On the Defense

March 27, 2010 06:56 AM

Controlling the pests in your fields takes a multipronged approach. Amid persistent pest pressure, the Farm Journal Test Plots have gathered in-field experience with evolving combinations of traits, pesticides, seed treatments and other pest controls.

The test plot effort focused on planter applications of controls for corn nematodes and corn rootworm.

"One pest we continue to have yield-robbing pockets of are corn nematodes,” explains Farm Journal Field Agronomist Ken Ferrie. "When we look at yield maps and NDVI [Normalized Difference Vegetation Index] photos, the yield loss due to nematodes is in the same general areas from year to year. They may be the size of a grain truck, a house or three to five acres.”

Ferrie says that working in central Illinois, it's not uncommon for him to see fields that average 230 bu. have their yields knocked back by 20 bu. to 50 bu. in the nematode pockets.

The test plots have specifically targeted corn nematode management since 2003. The controls used have included Mocap, Counter, N-Hibit and Syngenta's Avicta Complete Corn. We had three test plots in 2009 looking at different ways to manage nematodes. The plots included Counter, N-Hibit and Avicta Complete Corn compared with a check. We built on previous years' data with Counter and N-Hibit, but it was our first year to get in-field experience with Avicta.

"Results have been somewhat inconsistent,” Ferrie says. "Of all those that we've had multiple years' experience with, Counter has been the best performer despite its variability. Of the Avicta plots, one was inconsistent and two were positive.”

Of the two positive responses, Ferrie reports one field had a 4 bu. to 5 bu. response and the other responded up to 19 bu. At one farm, the plot crew could visually see improvement in root system and it showed up in yield.

"This past year we had a lot of water, so that made up for the root damage caused from the nematodes. These studies would be more consistent if we had dry or drought conditions that made the amount of root a premium,” Ferrie says.

Two factors drive our commitment to this ongoing effort.

"We need to continue this because, as our soil testing shows during the past 10 years, the nematode problem is getting considerably worse instead of better,” Ferrie says. "We haven't found a silver bullet, but we'll keep trying what's available on the market. Before it is a serious issue across the Corn Belt, we need to tackle the problem.”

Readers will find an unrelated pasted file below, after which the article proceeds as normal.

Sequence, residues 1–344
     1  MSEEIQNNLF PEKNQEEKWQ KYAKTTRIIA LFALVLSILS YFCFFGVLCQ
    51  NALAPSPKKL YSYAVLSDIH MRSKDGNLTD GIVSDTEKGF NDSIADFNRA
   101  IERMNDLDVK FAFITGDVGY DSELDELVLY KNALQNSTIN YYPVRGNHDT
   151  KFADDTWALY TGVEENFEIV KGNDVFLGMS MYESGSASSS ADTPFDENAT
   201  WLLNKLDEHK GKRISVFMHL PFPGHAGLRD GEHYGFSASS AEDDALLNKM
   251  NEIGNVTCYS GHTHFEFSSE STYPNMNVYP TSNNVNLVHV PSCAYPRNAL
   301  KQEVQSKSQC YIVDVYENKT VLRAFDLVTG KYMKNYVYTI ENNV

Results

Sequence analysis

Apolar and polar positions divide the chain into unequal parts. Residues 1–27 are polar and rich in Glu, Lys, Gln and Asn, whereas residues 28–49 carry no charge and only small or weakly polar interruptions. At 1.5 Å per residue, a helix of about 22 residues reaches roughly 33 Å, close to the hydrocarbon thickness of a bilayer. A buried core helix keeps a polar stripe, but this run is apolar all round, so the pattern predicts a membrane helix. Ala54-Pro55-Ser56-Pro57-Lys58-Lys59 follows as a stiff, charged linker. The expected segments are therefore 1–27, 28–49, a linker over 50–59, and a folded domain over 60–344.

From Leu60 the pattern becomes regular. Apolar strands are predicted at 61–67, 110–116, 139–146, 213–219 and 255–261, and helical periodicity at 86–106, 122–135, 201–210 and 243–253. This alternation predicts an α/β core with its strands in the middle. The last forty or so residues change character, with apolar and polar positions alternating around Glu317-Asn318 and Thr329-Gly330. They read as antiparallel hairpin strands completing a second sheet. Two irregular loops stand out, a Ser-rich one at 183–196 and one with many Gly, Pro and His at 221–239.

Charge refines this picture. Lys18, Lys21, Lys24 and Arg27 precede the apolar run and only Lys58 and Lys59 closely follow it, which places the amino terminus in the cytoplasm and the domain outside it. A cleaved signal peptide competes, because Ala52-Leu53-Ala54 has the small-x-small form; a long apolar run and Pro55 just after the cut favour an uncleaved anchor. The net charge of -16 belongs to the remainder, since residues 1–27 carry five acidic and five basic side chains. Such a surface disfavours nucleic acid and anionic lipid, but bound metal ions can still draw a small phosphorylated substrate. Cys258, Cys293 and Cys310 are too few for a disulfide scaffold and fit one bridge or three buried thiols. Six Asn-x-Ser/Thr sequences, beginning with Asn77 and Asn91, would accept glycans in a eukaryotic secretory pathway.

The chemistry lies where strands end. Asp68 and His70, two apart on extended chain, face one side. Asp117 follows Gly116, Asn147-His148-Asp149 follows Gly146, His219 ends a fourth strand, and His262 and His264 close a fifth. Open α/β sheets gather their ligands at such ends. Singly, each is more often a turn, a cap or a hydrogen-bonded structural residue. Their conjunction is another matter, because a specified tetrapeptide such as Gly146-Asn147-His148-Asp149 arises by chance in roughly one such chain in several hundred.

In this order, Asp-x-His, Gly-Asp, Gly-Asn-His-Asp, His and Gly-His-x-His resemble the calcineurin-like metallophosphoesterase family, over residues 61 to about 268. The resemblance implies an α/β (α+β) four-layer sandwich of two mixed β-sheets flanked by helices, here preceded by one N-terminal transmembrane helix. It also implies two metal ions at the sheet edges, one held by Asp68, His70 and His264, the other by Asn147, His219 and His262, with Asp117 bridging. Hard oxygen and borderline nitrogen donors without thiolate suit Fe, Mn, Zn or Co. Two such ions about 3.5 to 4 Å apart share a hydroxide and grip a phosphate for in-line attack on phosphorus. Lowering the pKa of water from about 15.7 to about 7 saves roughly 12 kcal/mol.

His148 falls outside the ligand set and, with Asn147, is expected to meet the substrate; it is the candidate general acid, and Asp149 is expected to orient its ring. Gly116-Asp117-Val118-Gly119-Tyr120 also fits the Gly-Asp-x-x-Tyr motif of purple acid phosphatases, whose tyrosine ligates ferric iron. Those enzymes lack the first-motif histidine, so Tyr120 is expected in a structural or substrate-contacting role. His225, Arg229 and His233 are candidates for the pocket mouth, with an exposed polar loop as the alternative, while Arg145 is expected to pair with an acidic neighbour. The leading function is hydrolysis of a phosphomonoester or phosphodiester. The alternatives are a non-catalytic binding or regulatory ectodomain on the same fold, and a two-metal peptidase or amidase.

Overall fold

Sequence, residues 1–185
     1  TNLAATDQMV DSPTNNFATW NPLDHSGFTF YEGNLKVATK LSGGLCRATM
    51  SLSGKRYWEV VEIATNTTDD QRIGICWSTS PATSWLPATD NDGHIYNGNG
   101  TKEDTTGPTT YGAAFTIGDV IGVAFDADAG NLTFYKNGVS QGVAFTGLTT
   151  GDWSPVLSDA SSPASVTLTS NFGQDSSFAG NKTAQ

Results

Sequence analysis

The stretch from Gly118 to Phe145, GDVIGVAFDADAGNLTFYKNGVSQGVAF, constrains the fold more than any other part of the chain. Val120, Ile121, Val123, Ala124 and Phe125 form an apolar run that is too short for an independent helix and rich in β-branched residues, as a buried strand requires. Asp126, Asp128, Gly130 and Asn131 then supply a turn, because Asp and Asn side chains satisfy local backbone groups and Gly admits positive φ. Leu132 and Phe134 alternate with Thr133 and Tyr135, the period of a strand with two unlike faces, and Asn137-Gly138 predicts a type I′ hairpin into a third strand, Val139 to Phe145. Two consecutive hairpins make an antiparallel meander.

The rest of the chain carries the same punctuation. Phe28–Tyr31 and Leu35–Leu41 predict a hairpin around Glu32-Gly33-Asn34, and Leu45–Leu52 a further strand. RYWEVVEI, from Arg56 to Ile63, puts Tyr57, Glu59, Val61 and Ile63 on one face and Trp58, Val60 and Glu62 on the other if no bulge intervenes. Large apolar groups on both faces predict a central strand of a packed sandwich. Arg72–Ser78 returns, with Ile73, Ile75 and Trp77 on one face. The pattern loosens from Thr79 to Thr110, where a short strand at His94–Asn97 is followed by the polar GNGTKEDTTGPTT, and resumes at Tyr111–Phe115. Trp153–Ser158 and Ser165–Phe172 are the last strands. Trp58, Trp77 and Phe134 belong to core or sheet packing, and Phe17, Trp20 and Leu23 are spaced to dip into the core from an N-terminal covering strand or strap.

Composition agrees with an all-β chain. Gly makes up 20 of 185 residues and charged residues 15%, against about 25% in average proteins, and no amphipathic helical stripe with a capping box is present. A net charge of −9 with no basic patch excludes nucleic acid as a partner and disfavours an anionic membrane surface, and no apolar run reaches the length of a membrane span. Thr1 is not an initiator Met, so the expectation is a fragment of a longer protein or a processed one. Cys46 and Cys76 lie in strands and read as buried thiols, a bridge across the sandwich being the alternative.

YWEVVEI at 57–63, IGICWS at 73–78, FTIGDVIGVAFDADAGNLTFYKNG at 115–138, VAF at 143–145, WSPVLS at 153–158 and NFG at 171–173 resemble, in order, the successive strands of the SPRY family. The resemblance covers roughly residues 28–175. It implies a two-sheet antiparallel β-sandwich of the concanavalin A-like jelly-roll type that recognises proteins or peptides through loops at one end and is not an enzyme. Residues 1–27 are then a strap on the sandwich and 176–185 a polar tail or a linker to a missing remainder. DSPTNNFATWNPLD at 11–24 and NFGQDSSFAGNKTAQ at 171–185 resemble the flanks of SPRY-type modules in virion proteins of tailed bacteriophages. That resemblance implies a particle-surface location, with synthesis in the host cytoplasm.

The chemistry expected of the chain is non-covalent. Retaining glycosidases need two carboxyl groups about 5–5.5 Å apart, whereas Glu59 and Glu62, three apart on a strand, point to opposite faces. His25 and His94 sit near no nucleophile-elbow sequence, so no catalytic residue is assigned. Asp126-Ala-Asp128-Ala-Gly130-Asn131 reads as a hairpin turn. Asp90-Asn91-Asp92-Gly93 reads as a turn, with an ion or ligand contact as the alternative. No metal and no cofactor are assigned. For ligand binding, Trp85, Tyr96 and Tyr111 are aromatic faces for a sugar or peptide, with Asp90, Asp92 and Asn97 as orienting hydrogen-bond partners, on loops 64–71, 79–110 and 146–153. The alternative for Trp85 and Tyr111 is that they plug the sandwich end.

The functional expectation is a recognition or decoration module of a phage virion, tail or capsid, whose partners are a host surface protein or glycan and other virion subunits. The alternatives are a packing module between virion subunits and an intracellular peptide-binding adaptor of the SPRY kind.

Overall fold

Another insect pest the test plots have set their sights on is corn rootworm control. For the second year, we worked with John Deere and Syngenta to head to the field with a John Deere 1770NT planter with the Central Insecticide System (CIS).

The CIS planter allows for liquid Force CS insecticide to be centrally loaded for application with the planter. The system streamlines loading the planter with Force CS and requires the use of safety gloves. It also eliminates the chances of having to load granular insecticide on a windy day.

The plot included replicated passes in the trait corn and the refuge with the full rate of Force applied compared with untreated strips in both areas of the field. "With the insecticide
application, we saw a 6 bu. to 10 bu. yield response on the trait corn and the refuge,” Ferrie says.

This past year did not result in high rootworm pressures. With heavy and consistent rains, the rootworm pressures were considerably lower than the area has seen in previous years.
"This yield boost showed up even though we had low rootworm pressures and very little visible root damage,” he says. "This leaves us to believe the yield response probably came from managing secondary pests.”

Ferrie notes a couple of standout observations from this plot.

"There were two surprises in looking at the yield data from this study,” he says. "One was the response we got when there wasn't an obvious rootworm pressure. And the other is that the refuge corn without the insecticide outyielded the trait corn with the insecticide applied.”


You can e-mail Margy Fischer at mfischer@farmjournal.com.


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